I can’t write out every minute detail, because I’m sure no one wants to read 100 pages of book review (this is long enough as it is – sorry!). But let me go over the high points.
The problematic interpretation of scripture.
I’m not a theologian, so I’m not going to say that the interpretations were wrong. In fact, I’m not sure wrong is the correct word. But I have a problem with the scriptures Mark & Grace Driscoll heavily lean on and the way they use them. I think Relevant magazine said it best in their review of the book:
“In his chapter to men, Mark establishes a model of maturity and biblical family that is formed less by the Scriptures than Leave It to Beaver. It’s a model of family structure totally foreign to the biblical world. In fact, the type of marriage the Driscolls describe in Real Marriage isn’t based on a single biblical couple. (They lean heavily on Song of Solomon. But assuming the author is Solomon as they do is problematic, since according to the Scriptures, he had more than 300 wives, which makes him sort of a polygamist.)
Grace’s interpretation of the Esther story is similarly cringe-inducing. She chastises Queen Vashti for publicly disrespecting her husband. But how did she do this? She refused him when he wanted her to do a strip-tease for him and all his drunk friends. That’s wrong? (However, the Driscolls make it clear elsewhere that they would encourage a woman like Vashti not to submit to such a sinful command.)”
As this blogger points out, Mark Driscoll has a tendency to project his own feelings onto everyone.
Early in the book, Mark and Grace share that Grace cheated on Mark when they were young (not yet married) and Mark confesses that the incident had changed his view on women…for a time, he says. But it is obvious to me that his view of women is still tainted. Because of this, Grace seems to be damaged goods, sexually unavailable, and they both write as if Mark is totally justified in anger, even in considering leaving her, and is a hero for not doing so.
The 50s model of the nuclear family is presented as the only way to live.
Yes, the wife staying at home with the kids while the husband makes the dough works for a lot of people. But it’s not necessarily biblical. The Proverbs 31 woman manages her home AND gets up at dawn to take on all kinds of odd jobs, Lydia from the New Testament sold purple cloth, and 1 Timothy 5:14 talks about women managing their homes, but does not forbid them to do other work in addition to that. I see absolutely zero biblical justification for Driscoll condemning families where the husband and wife both work, or where the wife works and husband stays home with the kids. It’s his opinion that these aren’t the best models of family, but it is not biblical.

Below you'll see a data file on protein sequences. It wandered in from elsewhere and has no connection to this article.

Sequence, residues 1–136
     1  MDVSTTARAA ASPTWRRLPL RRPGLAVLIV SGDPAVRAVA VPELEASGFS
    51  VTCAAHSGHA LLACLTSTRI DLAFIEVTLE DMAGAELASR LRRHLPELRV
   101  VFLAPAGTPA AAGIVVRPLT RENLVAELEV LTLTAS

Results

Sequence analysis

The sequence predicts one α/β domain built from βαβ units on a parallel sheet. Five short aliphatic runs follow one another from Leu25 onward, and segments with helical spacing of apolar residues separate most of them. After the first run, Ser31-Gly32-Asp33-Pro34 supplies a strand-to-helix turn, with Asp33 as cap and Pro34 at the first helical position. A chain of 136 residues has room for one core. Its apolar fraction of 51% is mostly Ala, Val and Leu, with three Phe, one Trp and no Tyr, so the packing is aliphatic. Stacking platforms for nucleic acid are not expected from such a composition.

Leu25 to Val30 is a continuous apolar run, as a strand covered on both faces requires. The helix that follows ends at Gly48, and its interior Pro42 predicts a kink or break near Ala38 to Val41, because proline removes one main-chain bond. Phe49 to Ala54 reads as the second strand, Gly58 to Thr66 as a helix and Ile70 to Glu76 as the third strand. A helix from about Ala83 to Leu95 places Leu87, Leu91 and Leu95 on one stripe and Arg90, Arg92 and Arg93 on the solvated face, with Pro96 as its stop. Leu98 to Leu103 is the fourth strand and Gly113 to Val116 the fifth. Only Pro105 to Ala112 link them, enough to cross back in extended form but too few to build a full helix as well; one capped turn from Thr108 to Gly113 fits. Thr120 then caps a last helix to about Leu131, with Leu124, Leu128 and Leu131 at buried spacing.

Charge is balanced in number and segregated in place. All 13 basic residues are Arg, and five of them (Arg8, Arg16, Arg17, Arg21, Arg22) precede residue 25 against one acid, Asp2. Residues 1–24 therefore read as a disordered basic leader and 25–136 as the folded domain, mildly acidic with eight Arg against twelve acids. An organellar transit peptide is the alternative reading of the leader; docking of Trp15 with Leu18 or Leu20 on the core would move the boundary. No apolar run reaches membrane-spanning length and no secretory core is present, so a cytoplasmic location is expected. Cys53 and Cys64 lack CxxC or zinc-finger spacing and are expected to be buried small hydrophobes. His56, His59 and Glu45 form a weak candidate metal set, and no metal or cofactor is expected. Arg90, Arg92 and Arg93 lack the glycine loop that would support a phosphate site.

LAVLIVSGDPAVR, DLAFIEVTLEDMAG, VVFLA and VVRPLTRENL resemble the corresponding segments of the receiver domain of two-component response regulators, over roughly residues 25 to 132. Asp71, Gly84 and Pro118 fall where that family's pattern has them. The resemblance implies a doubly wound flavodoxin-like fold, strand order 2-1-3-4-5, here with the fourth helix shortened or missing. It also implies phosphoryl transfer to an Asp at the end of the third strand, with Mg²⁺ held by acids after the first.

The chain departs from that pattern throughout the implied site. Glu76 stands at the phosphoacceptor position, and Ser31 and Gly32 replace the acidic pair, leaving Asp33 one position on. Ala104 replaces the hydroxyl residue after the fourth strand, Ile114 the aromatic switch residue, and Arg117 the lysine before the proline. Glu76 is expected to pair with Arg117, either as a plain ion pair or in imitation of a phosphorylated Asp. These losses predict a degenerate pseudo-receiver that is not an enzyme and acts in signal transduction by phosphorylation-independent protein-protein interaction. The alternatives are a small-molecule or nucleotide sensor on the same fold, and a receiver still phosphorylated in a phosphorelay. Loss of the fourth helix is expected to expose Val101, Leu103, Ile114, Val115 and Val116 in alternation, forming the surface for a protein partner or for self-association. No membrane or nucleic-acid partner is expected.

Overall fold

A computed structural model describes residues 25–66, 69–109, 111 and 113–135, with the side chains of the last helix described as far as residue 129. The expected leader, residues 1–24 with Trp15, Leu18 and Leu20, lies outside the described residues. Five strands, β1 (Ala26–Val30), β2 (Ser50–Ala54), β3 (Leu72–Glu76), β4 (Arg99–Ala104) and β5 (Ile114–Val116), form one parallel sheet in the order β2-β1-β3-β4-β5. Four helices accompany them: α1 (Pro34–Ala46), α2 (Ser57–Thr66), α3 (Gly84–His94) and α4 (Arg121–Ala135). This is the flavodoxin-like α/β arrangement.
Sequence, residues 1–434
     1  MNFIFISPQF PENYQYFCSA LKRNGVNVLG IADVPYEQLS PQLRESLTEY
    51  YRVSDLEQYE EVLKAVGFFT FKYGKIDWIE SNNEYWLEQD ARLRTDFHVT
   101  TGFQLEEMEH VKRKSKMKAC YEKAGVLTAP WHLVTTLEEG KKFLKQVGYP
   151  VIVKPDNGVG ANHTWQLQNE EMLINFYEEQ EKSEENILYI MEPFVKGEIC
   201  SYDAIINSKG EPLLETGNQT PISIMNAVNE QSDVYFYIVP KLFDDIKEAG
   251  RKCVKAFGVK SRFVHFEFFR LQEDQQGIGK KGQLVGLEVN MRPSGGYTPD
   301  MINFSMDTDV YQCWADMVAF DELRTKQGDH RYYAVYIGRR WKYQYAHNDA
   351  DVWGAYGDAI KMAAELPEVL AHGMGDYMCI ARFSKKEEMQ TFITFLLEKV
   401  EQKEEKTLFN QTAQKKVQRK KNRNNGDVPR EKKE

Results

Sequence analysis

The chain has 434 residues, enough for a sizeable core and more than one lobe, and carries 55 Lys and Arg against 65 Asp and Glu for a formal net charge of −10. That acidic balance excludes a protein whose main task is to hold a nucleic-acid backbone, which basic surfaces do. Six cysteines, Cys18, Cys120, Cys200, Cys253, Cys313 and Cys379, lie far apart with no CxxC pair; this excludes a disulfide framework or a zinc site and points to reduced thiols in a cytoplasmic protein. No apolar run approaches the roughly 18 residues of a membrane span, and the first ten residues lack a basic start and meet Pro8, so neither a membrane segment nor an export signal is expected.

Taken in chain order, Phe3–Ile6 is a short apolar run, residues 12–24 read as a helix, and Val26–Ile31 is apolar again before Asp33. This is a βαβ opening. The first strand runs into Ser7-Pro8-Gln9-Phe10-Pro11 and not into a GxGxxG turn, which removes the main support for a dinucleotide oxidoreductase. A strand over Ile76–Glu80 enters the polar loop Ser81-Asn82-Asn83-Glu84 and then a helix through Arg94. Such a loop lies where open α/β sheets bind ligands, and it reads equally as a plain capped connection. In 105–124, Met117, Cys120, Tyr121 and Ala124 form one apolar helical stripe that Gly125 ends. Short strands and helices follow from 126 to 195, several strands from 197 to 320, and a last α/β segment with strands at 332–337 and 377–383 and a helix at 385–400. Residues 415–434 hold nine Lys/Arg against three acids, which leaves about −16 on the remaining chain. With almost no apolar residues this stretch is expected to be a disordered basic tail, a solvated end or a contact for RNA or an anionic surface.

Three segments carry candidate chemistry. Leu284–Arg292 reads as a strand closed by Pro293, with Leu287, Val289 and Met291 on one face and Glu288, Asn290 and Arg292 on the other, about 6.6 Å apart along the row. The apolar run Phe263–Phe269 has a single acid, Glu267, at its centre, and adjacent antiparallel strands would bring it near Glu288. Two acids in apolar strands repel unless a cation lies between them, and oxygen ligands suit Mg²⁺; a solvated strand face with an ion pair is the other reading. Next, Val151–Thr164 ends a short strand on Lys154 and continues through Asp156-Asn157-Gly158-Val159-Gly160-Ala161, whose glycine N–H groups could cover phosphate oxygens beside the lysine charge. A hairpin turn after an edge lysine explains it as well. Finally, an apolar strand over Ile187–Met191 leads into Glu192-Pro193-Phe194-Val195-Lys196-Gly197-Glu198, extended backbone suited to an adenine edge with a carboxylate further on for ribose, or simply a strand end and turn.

Please do not hear me attacking the Driscolls. I think they are wonderful teachers, on most subjects. I admire their rawness in this book. I can even dig the way they take a firm stand on what they believe about the family structure. But what I cannot bear is the way they project their opinion of the ideal family onto all Christians. I cannot allow myself to go along with an interpretation of scripture that I feel convicted is misapplied at best and just wrong at worst. I am nervous for nonbelievers or new Christians who read this and drop everything to follow it.
I think because Driscoll is so firm in his opinions and interpretations of the scripture, it can be easy to read Real Marriage without examining what it is you truly believe. If this is going to be the case for you, I urge you not to read this book. But if you are interested in reading it, my advice would be to proceed with caution. Perhaps Driscoll said it best in the intro: glean from this book what wisdom you can find in it, but please remember to leave the rest.